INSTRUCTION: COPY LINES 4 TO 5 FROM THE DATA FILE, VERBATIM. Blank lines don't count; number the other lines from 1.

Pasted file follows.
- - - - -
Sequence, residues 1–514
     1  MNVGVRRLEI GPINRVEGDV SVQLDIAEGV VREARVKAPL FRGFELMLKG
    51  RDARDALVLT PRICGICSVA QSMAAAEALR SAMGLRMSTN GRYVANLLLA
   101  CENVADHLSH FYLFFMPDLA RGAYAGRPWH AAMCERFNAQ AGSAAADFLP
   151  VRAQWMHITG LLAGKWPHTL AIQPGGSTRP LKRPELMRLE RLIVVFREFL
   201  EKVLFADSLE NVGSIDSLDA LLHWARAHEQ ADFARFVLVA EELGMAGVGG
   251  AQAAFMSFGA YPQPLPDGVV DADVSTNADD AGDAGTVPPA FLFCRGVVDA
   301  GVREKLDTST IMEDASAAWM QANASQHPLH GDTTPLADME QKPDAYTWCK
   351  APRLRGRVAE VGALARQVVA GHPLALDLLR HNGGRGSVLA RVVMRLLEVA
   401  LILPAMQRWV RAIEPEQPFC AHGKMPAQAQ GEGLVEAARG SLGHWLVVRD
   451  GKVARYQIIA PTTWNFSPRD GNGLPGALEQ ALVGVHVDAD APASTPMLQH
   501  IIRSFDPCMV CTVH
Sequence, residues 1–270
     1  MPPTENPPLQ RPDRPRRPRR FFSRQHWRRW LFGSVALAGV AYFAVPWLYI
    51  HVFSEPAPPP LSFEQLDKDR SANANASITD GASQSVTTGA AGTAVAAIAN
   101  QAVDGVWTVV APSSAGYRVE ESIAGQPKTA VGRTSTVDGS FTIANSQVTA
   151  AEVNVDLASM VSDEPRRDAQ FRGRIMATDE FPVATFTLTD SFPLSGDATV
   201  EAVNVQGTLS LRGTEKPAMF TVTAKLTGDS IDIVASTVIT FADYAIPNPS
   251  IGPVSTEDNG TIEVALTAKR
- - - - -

   101  CENVADHLSH FYLFFMPDLA RGAYAGRPWH AAMCERFNAQ AGSAAADFLP
   151  VRAQWMHITG LLAGKWPHTL AIQPGGSTRP LKRPELMRLE RLIVVFREFL